LatinaLista — There's no denying the Latino population is growing. With the growth, there comes a growing debate as to how to classify Latinos — as a race or as an ethnic group?
[caption id="attachment_21276" align="alignleft" width="300"] Though the map shows the more than 3,000 counties in the continental US, the On Numbers database only looked at the 979 counties that had 50,000 or more people.[/caption]
Classifying Latinos as a race removes Latinos from self-identifying as white, black, Native American, etc. and creates a separate category. Labeling Latinos as an ethnic group causes a little more confusion come Census time and anytime when filling out a form that wants to know ethnic heritage, making people choose a racial category as well as Hispanic/Latino.
It's not often that Latinos are recognized as a racial group unto themselves but a new analysis of how large the Latino population is in the US decided it was far easier to classify Latinos as a racial group than an ethnicity. On Numbers, a series by The Business Journals , a media group that publishes state business news in print and online, created a database looking at 979 counties of more than 50,000 people to see if the Latino population is growing and where.
The answer is yes. Latino communities are growing more dense. According to the On Numbers database, the Latino population grew in all but 14 of the 979 major counties — "from 47.94 million Hispanics in mid-2010 to 49.10 million in mid-2011."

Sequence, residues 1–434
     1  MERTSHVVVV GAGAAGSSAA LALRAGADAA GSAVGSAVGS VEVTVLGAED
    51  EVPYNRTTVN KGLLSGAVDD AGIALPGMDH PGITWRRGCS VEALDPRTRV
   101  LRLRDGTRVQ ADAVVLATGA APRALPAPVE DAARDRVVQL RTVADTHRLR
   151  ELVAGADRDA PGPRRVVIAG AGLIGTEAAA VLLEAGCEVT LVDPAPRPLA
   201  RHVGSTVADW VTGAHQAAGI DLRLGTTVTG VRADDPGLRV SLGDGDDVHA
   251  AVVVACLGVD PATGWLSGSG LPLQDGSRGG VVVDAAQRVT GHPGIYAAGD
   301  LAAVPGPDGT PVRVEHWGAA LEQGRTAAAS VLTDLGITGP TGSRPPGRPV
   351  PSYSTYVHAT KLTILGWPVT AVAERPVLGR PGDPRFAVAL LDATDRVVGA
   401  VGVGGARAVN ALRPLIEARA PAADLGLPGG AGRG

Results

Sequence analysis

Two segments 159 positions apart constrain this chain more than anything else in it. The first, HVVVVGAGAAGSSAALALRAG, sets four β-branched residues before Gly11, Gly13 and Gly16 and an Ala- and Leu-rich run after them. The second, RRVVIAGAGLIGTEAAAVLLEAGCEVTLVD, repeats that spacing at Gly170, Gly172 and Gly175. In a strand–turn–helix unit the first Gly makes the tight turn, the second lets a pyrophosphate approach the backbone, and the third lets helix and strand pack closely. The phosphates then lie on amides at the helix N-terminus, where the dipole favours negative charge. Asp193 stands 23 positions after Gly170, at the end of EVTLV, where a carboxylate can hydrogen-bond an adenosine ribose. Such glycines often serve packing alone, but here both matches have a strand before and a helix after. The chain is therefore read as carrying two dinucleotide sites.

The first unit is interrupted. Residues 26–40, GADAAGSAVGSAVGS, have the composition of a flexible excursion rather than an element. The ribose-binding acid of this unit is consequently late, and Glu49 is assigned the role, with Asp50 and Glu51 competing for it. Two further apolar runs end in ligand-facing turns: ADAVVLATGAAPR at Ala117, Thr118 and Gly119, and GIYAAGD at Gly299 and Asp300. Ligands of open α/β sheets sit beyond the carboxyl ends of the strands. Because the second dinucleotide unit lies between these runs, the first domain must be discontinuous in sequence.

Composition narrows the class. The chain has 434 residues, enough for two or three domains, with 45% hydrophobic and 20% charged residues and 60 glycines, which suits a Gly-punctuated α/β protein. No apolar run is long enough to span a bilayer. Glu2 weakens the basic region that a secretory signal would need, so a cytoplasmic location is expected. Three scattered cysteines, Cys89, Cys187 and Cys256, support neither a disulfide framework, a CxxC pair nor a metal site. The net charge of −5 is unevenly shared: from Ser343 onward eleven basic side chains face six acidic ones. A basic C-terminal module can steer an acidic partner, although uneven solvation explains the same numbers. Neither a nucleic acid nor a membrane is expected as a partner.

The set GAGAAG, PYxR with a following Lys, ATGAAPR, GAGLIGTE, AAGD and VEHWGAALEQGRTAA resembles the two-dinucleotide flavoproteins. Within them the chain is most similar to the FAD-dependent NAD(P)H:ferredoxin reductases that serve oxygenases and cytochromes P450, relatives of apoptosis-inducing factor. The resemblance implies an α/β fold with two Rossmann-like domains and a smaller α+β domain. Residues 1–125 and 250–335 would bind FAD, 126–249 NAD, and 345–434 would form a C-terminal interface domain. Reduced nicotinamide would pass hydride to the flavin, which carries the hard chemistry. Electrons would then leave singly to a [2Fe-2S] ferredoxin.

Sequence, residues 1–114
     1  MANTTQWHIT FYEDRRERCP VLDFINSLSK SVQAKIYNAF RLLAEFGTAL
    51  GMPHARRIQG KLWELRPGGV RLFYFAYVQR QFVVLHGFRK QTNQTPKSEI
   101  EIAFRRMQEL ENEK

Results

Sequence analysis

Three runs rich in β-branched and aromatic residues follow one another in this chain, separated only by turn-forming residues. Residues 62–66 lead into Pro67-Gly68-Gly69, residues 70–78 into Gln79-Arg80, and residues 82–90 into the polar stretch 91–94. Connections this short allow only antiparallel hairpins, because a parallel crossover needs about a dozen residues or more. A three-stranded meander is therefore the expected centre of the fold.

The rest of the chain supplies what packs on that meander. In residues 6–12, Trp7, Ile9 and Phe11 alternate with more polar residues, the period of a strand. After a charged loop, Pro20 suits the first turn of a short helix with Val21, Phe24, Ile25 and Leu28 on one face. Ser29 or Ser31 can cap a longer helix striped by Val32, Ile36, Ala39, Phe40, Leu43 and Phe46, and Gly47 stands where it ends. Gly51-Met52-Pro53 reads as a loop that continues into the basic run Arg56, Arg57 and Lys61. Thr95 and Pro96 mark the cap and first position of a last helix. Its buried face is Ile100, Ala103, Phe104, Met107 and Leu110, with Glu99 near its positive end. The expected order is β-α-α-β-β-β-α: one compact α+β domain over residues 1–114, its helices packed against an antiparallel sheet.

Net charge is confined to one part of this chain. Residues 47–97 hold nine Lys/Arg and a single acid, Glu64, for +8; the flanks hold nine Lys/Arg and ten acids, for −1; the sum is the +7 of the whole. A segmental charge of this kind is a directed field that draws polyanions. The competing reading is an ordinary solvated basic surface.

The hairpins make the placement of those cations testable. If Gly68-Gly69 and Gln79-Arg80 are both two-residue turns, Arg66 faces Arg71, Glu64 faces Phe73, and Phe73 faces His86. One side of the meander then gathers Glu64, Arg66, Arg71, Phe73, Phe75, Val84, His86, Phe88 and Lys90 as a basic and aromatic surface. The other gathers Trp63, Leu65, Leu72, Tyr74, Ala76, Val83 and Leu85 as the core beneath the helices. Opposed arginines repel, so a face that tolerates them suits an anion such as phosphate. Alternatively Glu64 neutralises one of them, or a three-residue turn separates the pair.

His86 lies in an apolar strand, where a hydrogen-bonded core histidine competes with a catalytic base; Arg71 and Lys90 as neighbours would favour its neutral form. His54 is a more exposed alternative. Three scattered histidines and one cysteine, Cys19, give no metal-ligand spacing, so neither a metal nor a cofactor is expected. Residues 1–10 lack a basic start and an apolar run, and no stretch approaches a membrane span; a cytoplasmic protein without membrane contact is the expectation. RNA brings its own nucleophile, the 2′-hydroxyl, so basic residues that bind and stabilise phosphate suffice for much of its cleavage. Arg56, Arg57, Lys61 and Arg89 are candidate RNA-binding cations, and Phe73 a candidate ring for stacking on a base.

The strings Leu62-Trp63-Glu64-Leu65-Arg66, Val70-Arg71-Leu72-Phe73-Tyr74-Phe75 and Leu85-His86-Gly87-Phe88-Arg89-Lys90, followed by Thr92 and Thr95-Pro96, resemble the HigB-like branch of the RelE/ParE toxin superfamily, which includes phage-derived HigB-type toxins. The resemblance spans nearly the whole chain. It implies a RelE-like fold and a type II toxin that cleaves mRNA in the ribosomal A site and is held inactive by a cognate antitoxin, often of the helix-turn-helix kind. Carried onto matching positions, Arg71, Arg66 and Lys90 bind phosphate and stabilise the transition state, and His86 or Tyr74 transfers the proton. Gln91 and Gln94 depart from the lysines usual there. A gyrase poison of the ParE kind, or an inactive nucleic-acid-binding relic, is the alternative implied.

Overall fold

Where this growth is occurring is not surprising. It's mainly in California and Texas with counties from both states comprising the top 4 counties for high Latino populations. However, rounding out the top 5 is Maricopa, Arizona. In a state that saw the anti-immigrant law SB1070 pass, it goes to show that the future of the state is going to rest with the one group today's legislators have tried their best to disenfranchise.
The On Numbers database lets users search by state or look at the nation as a whole as to which counties are seeing a growth trend among Latinos.
Los Angeles County, Calif., led the nation by adding 58,978 Hispanic residents in one year. The runners-up are both from Texas: Harris County (Houston) with a gain of 46,109 and Dallas County with an increase of 27,847.
The data further shows that no matter if Latinos are classified as a racial group or an ethnicity, the truth is Latinos should be considered one category above all else — American.